Not Dressing the Part

(Thompson On The "Law & Order" Set In 2003; By Matt Moyer -- Associated Press)
By Robin Givhan
Wednesday, December 12, 2007

If one simply heard Fred Thompson speak and did not have the benefit of seeing him, it would be forgivable to assume that he, with his slow-as-molasses, just-us-regular-folks drawl, might be wearing overalls and a pair of muddied work boots after moseying in from the field.

He does not speak with the self-important urgency of a man who has meetings to run, palms to grease and votes to get. He is a man whose tone registers as perpetually bored and exhausted, his voice trailing off at the end of a sentence as though he is too tired and uninterested to make it to the final punctuation. He sounds like a man whose favorite pastime is sitting on his porch.

This wouldn't be startling if the expectations for Thompson to cut a dazzling figure as a presidential candidate had not been especially high. He has spent so much time in front of the camera as an actor that pundits and pontificators assumed he would bring the panache of a star to the campaign trail. But Thompson has revealed that he is not immune from the same travails that stymie even award-winning actors. When they are forced to be themselves, to dress without the aid of costumers, to converse without a script or the safety net of multiple takes, they are not quite so smooth and charismatic. An ugly truth emerges: They are boring.

Thompson is the tall guy in the mediocre suit -- the one with the collar that gaps, the one with the flag pin on the lapel. The candidate, who stands well over 6 feet tall, tends to lean forward slightly as though he is always straining to hear what those irritating little people down below are telling him. His face carries a hangdog expression that borders on looking like a chew toy.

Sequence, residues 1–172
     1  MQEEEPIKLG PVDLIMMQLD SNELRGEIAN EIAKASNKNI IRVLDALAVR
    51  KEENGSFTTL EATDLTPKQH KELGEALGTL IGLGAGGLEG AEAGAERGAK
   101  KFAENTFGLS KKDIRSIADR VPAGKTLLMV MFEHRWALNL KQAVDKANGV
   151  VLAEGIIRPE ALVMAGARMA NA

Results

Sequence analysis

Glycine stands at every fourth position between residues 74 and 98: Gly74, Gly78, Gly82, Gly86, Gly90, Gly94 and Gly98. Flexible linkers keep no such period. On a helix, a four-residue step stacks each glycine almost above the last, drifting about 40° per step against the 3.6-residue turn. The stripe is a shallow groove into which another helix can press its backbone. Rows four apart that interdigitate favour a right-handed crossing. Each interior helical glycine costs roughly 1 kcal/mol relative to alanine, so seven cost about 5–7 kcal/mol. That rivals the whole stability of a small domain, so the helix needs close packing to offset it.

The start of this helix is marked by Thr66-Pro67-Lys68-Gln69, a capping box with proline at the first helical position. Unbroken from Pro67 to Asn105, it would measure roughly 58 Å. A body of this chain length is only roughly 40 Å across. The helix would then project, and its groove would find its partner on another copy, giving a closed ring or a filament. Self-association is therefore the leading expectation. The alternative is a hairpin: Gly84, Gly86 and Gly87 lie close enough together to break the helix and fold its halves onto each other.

Thompson has a fondness for pale-blue shirts. He doesn't mind a polo shirt as long as it's emphatically unstylish. Perhaps he is a man who harbors great passion for his wardrobe, but the only message that comes through in his attire is that it is wholly perfunctory. He wears clothes so as not to be naked.

Thompson has not committed any grave crimes against aesthetics. But some observant soul -- Cher? Liberace? -- once noted that it is better to have bad taste than no taste at all. This was not a plea for more Sansabelt trousers and short-sleeve dress shirts -- that great fashion oxymoron. It was a recognition that it's better to display some evidence of individuality rather than come across as a cipher, a drone.

Thompson looks like the quintessential Washington caricature: traditional, unimaginative, stiff. It doesn't help that the characters he has so often played on screen could be described the same way. His fantasy life and his real life merge. He is boring no matter which way one looks.

No one expects or requires Thompson to have the kind of style that could be described as debonair. But a candidate aiming to be the most powerful, authoritative and compelling man in virtually any room ought to dress for the job to which he aspires.

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